I believe that longterm opiate use changes the way we perceive temperature and creates a more narrow window of what we would classify as "comfortable."

Circulatory system damage may exacerbate this issue, but I do not IV, so I think the experience of cold extremities (and temperature regulation issues in general) can easily occur independently of venous damage.

Getting to know what withdrawal is has left me permanently screwed in my mind; when I get a chill/goosebumps it just reminds me of WD even when there's no reason that I should be in WD. Before I got to know heroin withdrawal, all those little withdrawal symptoms that aren't too bad were things I wouldn't have thought too much about, I'd just tough it out but now these days knowing it is withdrawal and I could easily fix it with drugs has turned me into a big wuss. It's the mental anxiety that makes it worse, so when the mind is at rest you aren't bothered as much and you have more of an ability to cope with pain and discomfort.

I too would always get cold hands/feet even before I was sticking myself.

bl4cklabel
01-30-2012, 12:59 AM
Wouldn't that cause more of a pins and needles feeling?
That is a symptom, but I'd think it would depend on the degree of loss of circulation.
I'll do some research on the subject when I have time tomorrow,
I remember some scientific literature explaining the temperature phenomena, I'm sure I can find it again.

Fat Pie
01-30-2012, 01:00 AM
I worry sometimes about getting that feeling in the arms, hands and fingers in bed. Hope I haven't fucked up my veins that badly.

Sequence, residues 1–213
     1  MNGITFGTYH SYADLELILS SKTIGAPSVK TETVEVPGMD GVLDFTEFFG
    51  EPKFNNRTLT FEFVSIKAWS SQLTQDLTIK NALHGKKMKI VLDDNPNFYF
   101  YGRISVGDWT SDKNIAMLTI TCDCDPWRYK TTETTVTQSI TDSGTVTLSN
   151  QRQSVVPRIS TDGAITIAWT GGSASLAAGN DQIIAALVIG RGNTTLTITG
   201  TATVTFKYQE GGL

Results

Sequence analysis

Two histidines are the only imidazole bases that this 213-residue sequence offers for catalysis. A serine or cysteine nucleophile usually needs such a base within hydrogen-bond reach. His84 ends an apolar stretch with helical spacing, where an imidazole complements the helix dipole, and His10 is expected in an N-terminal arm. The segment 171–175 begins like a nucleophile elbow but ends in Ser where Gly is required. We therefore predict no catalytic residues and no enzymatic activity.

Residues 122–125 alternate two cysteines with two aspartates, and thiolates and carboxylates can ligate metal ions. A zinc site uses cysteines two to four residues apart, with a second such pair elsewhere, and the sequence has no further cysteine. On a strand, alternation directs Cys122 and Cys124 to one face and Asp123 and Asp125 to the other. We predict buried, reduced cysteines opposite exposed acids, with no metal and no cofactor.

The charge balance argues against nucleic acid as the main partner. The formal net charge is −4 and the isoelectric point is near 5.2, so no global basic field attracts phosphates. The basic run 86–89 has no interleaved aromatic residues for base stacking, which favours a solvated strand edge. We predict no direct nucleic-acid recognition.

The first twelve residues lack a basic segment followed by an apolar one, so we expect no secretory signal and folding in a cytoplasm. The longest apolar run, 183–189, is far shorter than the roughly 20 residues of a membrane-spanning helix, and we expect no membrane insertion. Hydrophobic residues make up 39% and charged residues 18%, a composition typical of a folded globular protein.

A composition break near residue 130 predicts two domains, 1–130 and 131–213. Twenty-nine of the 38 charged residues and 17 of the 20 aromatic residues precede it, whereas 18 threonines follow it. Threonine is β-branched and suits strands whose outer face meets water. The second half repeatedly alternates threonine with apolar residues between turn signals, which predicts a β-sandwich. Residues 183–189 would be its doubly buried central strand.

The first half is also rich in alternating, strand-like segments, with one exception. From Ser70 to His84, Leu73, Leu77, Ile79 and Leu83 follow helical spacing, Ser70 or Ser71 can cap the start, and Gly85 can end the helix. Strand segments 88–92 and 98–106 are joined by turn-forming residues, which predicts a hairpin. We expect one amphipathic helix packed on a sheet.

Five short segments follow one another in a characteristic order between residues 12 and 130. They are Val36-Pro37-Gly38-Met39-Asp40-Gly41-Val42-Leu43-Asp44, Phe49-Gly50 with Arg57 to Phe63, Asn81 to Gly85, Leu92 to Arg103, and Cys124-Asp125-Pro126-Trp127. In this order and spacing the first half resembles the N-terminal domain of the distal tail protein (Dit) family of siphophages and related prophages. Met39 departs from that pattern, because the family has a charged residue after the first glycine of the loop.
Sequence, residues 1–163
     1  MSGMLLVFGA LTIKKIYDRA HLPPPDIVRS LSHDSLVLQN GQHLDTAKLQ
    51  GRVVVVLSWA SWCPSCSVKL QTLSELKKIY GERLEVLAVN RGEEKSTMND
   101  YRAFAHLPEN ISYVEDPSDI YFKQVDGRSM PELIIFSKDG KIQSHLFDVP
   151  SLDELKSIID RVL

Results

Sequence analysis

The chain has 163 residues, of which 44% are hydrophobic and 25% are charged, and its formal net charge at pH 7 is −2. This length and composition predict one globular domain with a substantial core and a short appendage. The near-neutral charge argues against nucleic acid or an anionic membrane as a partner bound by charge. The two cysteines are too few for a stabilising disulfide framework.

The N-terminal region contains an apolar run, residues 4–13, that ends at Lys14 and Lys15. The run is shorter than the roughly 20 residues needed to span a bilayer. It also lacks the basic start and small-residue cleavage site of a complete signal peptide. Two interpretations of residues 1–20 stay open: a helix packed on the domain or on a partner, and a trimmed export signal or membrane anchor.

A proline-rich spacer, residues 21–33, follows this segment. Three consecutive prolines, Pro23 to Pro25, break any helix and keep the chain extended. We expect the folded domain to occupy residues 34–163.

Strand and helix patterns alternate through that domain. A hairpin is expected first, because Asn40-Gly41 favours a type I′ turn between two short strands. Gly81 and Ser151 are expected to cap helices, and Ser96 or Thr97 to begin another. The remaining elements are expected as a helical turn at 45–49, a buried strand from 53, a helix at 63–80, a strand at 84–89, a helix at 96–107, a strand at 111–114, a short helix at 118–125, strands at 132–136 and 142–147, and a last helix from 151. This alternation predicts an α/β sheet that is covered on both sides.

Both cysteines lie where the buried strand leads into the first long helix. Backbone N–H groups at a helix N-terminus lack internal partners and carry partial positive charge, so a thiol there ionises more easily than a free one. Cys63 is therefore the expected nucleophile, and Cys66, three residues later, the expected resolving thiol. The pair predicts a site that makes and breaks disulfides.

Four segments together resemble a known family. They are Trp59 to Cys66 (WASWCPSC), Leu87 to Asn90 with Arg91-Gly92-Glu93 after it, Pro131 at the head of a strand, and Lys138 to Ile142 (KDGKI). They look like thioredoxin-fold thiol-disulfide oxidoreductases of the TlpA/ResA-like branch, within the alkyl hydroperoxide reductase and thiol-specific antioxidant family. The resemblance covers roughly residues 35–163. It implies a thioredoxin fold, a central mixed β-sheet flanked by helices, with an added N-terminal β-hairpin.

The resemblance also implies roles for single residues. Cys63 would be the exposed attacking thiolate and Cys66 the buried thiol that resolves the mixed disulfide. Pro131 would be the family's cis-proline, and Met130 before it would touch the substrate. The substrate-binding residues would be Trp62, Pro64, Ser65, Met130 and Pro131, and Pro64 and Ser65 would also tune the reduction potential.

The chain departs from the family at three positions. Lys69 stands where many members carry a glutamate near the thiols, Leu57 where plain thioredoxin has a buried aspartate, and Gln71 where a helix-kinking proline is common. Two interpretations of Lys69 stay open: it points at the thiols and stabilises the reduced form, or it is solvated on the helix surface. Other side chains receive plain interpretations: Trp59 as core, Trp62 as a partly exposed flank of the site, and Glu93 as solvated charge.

OpiatedChronically
01-30-2012, 01:11 AM
Having cold feet in WD is a constant annoyance for me, and I don't IV, so I know the two aren't related.

The cold feet actually don't bother me as much as the general body temperature fluctuations from hot to cold, literally hot one second and then cold the next second, so you don't even have time to get warm before you're cold again, and vice versa.

It's the one symptom that guarantees I'll relapse, because no matter how long I stay sober, EVEN when all the other symptoms have subsided, my body temp never seems to return to normal, and I know the surefire cure is a good dose of opiates.

I cannot fucking tolerate trying to sleep, and turning on my fan, only to cover up with 2 blankets and then throw them off a few seconds later to cool down, and then immediately becoming frozen by my fan.....wash, rinse, repeat. Relapse? Please and thank you.

OP8world
01-30-2012, 01:57 AM
The cold feet actually don't bother me as much as the general body temperature fluctuations from hot to cold, literally hot one second and then cold the next second, so you don't even have time to get warm before you're cold again, and vice versa.

I agree 100%. My experience exactly. I have found that morphine and fentanyl are the two opiates that have the most profound adverse affect on perceived body temperature.

Nagelfar
01-30-2012, 06:48 AM
I thought this thread was going to be about "having cold feet" (as the turn of phrase) concerning going into a period of opioid abstinence or quitting cold turkey. To which I was going to reply "that's simply dependency/physical-addiction."